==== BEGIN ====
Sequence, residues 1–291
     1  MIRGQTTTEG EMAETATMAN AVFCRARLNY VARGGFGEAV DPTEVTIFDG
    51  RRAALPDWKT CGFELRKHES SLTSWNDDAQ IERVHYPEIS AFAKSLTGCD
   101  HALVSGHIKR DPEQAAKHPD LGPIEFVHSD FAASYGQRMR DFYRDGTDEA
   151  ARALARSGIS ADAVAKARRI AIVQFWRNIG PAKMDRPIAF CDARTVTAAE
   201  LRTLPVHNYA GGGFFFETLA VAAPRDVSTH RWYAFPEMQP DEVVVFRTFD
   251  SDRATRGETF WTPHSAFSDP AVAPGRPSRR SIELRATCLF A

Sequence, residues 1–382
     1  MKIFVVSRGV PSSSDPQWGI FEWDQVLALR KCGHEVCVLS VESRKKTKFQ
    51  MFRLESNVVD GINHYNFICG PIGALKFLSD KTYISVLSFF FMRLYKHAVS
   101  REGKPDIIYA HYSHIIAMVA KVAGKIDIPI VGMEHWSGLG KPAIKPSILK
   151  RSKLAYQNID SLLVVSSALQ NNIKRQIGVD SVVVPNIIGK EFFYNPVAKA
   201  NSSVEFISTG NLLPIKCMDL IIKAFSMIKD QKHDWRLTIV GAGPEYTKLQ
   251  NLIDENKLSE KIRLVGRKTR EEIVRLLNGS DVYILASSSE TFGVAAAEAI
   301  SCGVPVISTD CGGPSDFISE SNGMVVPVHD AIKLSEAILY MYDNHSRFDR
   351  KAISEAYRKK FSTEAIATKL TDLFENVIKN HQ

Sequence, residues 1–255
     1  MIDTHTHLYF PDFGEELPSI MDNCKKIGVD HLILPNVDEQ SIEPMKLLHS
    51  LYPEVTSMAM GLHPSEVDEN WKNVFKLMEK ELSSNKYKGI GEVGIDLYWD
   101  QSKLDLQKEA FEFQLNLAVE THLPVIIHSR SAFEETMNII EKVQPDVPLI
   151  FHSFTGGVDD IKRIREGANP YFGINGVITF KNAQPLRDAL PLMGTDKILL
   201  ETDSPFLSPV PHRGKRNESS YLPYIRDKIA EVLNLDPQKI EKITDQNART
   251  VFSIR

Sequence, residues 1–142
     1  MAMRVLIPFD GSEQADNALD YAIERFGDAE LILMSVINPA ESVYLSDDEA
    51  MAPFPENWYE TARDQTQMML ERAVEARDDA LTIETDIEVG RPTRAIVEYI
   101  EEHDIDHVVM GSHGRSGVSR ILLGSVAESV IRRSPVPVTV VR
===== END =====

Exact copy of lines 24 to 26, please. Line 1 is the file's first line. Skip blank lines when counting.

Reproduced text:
Sequence, residues 1–142
     1  MAMRVLIPFD GSEQADNALD YAIERFGDAE LILMSVINPA ESVYLSDDEA
    51  MAPFPENWYE TARDQTQMML ERAVEARDDA LTIETDIEVG RPTRAIVEYI